By way of reminder, law n°2015-856 dated 31 July 2014 (ESS Law) introduced an obligation to inform employees of certain companies with less than 250 employees prior to a sale of the business or a controlling stake. The aim of this obligation was to inform employees of the sale and of the possibility for them to make an offer for the business or the shares.
This information obligation was highly criticised and has been relaxed by the Macron Law:
- the sanction of nullity of the transfer (already declared unconstitutional by the Conseil Constitutionnel) has been replaced by a fine of 2% of the purchase price;
- applicable only to sales (instead of transfers);
- clarification of the methods of providing the information to the employees;
- not applicable if, in the 12 months prior to the sale, the employees have already been informed as part of the employer's general 3 yearly information obligation.
These changes should come into effect by the end of 2015 following publication of a decree (décret d'application).
6. Business Sales
The formalities applicable to business sales (cession de fonds de commerce) have been relaxed slightly in that creditors no longer have the right to request an auction of the purchase price. However creditors retain their opposition rights.
7. Obstructing the proper functioning of the works council (Délit d'entrave)
The offence of obstructing the proper functioning of the works council (délit d'entrave) remains a criminal offence but:
- the prison sentence is abolished for the least serious case, interference with the everyday functioning of the works council;
- the fines are doubled from €3 750 to €7 500 for individuals (€37 500 for legal entities).
A prison sentence of 1 year is still possible for interference with the setting up of the works council and non-respect of the protected status of the employee representatives.
NB: In addition to the potential criminal sanctions, the works council could still seek an injunction (or damages although this is rarer) for failure to respect the works council consultation obligation.
8. Limits on damages for unlawful dismissal
The provisions in the Macron Law relating to a cap on damages for unlawful dismissal were censured by the Conseil Constitutionnel which considered that the distinction by size of company was contrary to the principle of equality. New proposals from the Government on this subject are expected.
9. Asset Management and Employee Saving Schemes
- Creation of the société de libre partenariat, an investment vehicle which has legal personality, a form of governance similar to an anglo-saxon limited partnership and is flexible as to its functioning and investments.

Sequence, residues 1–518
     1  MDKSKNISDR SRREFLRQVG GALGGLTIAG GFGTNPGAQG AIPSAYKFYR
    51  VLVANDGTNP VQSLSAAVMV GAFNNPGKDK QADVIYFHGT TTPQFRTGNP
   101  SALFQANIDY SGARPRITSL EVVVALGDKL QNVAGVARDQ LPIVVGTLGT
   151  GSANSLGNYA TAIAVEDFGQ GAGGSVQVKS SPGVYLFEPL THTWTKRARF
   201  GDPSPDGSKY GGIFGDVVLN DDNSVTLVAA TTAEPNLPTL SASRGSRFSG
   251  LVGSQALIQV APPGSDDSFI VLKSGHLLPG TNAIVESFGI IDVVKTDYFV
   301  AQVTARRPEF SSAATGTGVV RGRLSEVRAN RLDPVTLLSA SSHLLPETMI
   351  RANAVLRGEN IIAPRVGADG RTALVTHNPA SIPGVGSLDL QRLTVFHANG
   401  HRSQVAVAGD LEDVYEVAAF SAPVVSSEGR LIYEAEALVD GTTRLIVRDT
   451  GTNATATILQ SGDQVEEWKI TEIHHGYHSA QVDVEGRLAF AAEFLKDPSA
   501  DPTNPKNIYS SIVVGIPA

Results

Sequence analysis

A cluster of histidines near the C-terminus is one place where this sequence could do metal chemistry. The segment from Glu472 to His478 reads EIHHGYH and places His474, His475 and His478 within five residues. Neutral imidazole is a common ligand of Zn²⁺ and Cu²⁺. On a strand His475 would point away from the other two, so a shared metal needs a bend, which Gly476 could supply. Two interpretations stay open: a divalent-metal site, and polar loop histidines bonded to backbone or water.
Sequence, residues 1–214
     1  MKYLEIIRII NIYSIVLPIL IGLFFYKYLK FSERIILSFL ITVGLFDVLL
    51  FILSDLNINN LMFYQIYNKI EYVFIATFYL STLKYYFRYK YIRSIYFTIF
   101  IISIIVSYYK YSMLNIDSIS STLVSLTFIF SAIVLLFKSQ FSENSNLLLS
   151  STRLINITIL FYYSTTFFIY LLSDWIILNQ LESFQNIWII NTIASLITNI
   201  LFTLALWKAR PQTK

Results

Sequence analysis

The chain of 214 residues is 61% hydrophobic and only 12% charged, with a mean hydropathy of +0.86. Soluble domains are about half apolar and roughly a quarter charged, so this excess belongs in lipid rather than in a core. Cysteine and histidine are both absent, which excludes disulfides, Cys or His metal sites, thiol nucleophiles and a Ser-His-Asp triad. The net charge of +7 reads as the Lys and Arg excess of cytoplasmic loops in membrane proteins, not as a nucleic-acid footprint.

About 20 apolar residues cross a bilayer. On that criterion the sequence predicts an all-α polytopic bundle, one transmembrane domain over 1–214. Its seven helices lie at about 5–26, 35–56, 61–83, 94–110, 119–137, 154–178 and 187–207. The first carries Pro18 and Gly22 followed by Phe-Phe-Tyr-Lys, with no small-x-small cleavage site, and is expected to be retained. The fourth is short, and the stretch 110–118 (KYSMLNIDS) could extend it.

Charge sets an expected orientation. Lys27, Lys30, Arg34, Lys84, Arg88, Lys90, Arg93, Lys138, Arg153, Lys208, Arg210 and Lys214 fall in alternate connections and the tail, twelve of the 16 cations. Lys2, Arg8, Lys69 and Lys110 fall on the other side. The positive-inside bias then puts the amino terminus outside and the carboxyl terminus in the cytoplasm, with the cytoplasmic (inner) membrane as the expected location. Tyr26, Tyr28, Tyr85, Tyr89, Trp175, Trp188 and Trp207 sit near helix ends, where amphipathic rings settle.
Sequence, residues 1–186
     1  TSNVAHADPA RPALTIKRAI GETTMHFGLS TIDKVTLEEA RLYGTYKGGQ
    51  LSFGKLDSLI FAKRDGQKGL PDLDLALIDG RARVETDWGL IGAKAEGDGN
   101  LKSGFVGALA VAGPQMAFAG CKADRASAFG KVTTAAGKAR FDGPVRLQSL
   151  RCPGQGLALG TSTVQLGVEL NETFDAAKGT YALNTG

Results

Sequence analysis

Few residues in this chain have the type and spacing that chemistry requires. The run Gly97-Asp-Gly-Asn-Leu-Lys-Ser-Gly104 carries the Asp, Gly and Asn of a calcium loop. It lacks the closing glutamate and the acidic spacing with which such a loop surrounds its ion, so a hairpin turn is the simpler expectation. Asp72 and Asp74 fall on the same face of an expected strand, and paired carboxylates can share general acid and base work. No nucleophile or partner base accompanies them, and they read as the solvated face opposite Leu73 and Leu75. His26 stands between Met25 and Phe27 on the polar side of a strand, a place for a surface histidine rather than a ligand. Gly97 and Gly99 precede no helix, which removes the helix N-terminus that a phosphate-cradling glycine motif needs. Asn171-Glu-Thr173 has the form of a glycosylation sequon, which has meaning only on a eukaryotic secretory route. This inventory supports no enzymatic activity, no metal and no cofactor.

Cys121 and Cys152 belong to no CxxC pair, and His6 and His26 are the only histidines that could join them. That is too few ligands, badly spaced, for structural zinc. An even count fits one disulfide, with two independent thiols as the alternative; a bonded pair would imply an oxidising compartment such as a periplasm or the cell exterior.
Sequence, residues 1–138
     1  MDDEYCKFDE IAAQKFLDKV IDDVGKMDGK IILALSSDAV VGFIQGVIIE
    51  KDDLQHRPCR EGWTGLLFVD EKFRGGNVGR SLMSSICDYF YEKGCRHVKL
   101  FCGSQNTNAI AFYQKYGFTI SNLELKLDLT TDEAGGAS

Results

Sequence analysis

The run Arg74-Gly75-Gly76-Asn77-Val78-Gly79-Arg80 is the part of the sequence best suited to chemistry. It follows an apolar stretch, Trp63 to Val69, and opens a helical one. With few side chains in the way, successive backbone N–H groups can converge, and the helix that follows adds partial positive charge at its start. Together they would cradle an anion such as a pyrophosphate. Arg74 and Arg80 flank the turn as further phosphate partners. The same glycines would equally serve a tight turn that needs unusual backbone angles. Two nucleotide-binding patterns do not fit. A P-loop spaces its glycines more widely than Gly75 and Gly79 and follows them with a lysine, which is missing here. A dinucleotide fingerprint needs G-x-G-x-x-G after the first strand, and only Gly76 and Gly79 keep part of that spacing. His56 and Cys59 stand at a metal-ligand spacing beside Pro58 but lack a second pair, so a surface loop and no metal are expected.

- Employee saving funds (FCPE) can now hold up to 30% of their assets in the form of securities issued by OPCIs.
10. Companies in difficulty: Forced eviction of shareholders in a company in judicial administration
The Conseil Constitutionnel validated, on the grounds of the right to work, the provisions in the Macron Law allowing for the forced eviction of the shareholders of a company in judicial administration (redressement judiciaire), either through a forced sale or by a dilution of their shareholding.
If the general shareholders' meeting rejects a rehabilitation plan (plan de redressement) which provides for a share capital increase in favour of a third party, the administrator can ask the court to either (i) appoint a nominee (mandataire) who can vote in favour of the plan in the place of the opposing shareholders or (ii) order the forced sale of the shares of the opposing shareholders to the third party who committed to comply with the rehabilitation plan.
Eviction is only possible if the following 4 conditions are satisfied:
- the company has at least 150 employees or is the "dominant" company (as per L.2331-1 of the Code du travail) of a group of companies which have at least 150 employees (the group of companies' committee (comité de groupe) criteria);
- the company is in judicial administration i.e. unable to pay its debts as they fall due, a purely legal notion which only takes into account the immediately available assets of the company and not its ecomonic value;
- if the company ceased its activity, it would seriously affect the national or regional economy and the labour market area;
- eviction can only be used as a last resort once a partial or total sale of the business has been ruled out.